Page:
Understanding “Dark Flats”

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Ken_nneth
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Understanding “Dark Flats”

Post by Ken_nneth » Tue Oct 24, 2017 7:17 am

Trying to get a better grip on calibration files and want to understand “Dark Flats” and how they work. I understand that they should be taken with cap on at the same temp, gain and exposure as normal flats. But what about filters, my flats are taken with different exposures depending on filter choice. Do I take “Dark Flats” for all filters”? How do I use my subs to create a master or masters? How do I then use these masters, where do they fit in the calibration workflow? Does anyone have a good tutorial or instructions to help me with this.
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Re: Understanding “Dark Flats”

Post by Doug » Tue Oct 24, 2017 8:26 pm

I've never taken dark flats before. So I'm in no position to tell you either way. Personally, I take Bias, Darks, and Flats. Zach also mentioned a new method he was trying, that is to eliminate darks all together because he believes with "dithering" it eliminates the need for darks.

There are a lot of different positions out there about calibration frames, if you think Dark Flats are worthy of your time, then by all means try it!

Hopefully someone else has an opinion too.
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Re: Understanding “Dark Flats”

Post by Rudeviewer » Tue Oct 24, 2017 8:43 pm

I've seen the term dark flats but have no clue what they are. In my case of the last 2 images, I use extreme dithering and settle at 1.0 pixels and without darks the image has less noise. Now that could just mean that I need a new dark library.

Dark flats I would assume they are the same length of the flat but with the lens cover on. Maybe to help create a cleaner dark file???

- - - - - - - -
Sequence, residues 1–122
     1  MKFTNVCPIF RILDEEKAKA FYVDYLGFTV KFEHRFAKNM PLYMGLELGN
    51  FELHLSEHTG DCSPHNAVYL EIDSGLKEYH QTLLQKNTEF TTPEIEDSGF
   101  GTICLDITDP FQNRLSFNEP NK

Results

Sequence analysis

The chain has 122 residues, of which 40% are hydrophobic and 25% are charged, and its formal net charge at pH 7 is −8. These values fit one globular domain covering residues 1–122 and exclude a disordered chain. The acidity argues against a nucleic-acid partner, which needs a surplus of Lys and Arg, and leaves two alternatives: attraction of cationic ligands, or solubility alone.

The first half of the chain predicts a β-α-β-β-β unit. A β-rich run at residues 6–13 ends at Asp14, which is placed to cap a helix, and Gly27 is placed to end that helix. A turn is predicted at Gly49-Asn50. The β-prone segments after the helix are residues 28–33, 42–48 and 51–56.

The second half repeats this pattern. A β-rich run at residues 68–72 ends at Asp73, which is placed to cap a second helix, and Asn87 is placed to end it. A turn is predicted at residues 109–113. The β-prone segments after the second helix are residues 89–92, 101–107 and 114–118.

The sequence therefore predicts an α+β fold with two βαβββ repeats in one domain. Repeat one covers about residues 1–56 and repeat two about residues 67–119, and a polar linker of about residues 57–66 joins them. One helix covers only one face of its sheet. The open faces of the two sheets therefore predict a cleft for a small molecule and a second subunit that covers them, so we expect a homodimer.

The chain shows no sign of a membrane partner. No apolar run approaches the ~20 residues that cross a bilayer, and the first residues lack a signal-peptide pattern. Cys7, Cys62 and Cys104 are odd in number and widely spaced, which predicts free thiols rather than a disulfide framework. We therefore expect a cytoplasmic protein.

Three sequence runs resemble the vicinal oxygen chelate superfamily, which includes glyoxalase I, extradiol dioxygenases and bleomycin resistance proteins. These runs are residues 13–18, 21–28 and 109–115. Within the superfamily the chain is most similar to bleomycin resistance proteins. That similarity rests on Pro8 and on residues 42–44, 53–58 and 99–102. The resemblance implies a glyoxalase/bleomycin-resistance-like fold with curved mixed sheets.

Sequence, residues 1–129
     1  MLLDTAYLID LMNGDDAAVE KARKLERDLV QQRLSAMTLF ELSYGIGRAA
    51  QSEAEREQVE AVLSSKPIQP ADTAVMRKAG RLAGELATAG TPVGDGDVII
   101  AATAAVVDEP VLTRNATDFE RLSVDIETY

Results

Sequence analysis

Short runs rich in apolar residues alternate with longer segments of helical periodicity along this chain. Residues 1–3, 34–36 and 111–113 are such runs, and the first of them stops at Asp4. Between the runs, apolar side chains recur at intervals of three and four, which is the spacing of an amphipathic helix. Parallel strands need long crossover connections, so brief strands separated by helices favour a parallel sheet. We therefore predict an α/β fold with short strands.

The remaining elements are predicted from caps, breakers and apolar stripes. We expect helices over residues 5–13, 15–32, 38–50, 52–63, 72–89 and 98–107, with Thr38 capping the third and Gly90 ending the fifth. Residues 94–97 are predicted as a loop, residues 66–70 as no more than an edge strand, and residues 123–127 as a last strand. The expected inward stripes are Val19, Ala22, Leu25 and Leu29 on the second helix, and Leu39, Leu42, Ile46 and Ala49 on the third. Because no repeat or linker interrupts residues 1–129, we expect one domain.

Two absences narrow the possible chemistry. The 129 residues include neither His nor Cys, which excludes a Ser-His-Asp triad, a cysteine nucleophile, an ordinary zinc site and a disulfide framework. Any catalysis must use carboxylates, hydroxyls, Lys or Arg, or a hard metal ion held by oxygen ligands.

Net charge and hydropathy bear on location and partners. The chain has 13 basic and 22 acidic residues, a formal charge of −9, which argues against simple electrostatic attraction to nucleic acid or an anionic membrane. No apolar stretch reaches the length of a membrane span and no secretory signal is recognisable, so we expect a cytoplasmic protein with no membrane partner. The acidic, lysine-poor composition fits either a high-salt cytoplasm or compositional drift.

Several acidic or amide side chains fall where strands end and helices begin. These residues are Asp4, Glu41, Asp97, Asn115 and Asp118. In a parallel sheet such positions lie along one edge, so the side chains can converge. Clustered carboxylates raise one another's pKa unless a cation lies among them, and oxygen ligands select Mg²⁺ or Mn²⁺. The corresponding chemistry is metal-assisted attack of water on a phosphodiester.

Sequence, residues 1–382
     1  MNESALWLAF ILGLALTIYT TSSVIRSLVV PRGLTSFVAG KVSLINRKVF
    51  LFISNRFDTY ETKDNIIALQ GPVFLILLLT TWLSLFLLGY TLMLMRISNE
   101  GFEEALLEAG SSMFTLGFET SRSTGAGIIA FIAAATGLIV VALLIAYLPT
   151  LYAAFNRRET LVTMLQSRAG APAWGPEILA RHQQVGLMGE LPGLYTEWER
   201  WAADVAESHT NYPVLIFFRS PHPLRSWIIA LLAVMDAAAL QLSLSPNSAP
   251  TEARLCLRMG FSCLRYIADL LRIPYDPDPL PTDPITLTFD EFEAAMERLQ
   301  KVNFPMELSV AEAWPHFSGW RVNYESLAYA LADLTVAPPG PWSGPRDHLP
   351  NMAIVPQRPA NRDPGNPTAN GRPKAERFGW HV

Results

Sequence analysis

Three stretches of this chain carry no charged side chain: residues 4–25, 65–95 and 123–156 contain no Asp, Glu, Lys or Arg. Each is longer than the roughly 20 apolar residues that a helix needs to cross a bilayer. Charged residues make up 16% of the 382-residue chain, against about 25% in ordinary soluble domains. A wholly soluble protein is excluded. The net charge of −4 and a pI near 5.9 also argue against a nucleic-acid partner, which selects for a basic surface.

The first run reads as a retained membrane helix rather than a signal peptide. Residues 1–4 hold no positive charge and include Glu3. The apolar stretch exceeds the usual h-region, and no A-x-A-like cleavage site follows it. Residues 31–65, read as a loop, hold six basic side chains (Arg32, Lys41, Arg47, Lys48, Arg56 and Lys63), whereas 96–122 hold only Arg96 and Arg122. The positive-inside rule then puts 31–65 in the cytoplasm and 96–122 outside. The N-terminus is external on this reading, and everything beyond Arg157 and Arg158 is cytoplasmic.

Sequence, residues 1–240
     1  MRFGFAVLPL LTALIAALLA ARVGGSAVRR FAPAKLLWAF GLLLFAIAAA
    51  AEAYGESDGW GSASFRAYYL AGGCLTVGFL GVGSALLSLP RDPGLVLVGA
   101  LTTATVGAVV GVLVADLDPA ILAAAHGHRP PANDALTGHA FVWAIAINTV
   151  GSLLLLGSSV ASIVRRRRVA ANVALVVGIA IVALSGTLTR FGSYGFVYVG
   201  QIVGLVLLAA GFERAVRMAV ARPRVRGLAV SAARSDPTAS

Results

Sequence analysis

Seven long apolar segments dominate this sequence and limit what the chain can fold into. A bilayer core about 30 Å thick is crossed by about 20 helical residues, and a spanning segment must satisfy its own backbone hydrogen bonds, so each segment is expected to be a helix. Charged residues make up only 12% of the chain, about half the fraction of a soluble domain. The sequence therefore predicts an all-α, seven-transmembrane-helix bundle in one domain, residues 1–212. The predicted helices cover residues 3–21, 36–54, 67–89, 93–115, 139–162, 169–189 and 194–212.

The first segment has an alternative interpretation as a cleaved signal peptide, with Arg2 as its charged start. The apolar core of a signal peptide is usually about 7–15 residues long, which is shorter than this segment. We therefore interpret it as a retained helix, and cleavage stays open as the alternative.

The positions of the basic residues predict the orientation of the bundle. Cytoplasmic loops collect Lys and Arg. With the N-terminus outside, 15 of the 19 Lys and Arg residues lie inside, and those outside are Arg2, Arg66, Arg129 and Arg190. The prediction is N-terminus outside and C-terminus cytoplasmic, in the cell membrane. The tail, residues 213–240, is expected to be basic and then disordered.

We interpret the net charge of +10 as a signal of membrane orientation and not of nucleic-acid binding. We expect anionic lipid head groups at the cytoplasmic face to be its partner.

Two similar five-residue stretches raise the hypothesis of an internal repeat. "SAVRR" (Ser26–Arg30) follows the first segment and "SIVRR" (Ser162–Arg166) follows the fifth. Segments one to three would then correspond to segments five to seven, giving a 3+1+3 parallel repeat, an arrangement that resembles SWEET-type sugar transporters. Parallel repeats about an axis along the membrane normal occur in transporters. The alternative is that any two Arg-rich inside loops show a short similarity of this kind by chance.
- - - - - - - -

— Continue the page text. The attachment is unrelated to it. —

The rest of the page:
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Re: Understanding “Dark Flats”

Post by Ken_nneth » Tue Oct 24, 2017 10:13 pm

Rudeviewer wrote: In my case of the last 2 images, I use extreme dithering and settle at 1.0 pixels and without darks the image has less noise.
This is something I have to try, how does this effect the total imaging time?
I live in an area where the weather gives me only short periods of clear skies, so total time is important.
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Re: Understanding “Dark Flats”

Post by Rudeviewer » Tue Oct 24, 2017 10:29 pm

Dithering only takes a few extra seconds per frame. Whileb guiding it moves the image around just a tad so when you sigma stack the images it can basically average out the read noise.
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Re: Understanding “Dark Flats”

Post by h2opolo » Mon Nov 06, 2017 6:55 am

Basically a dark flat is pretty much what it says. What you do is take a flat shot with the cap on in order to further assist with noise removal. I personally think it's overkill. I'm old school as far as darks go. I know that people don't use them with the sony sensors like I have but in my book what the big deal. I have a dark library so it's just a matter of choosing the master dark and adding it in to my calibration. If it even does a small amount of noise removal then it's worth it to me.
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Re: Understanding “Dark Flats”

Post by seti_v2 » Wed Nov 08, 2017 6:39 am

Agree with Sean. Dithering is great for things like "walking noise" in your images (as you image throughout the night flexure and inconsistencies lead to a few pixel drift sometimes and noise can be seen walking).

Darks remove all sorts of noise including amp glow.

Flats help correct vignetting in the system

Bias removes fixed pattern read noise and any consistently high read noise pixels

Dark flats remove any amp glow and column or row defects from your flats so your flats can actually calibrate your lights correctly.

If you have them all, the process kinda goes:
subtract bias from everything, subtract dark flats from flats, subtract darks from lights, divide lights by flat, stack all them lights

Now will anyone notice a different if you don't have bias or dark flats with new low read noise sensors on most objects? probably not for most objects. People like Sean are shooting extremely narrowband extremely faint objects with huge integration times. That one or two electrons or few ADU of photonoic shot noise from that faint whisp may get missed if you can't get the noise floor as low as achievable.
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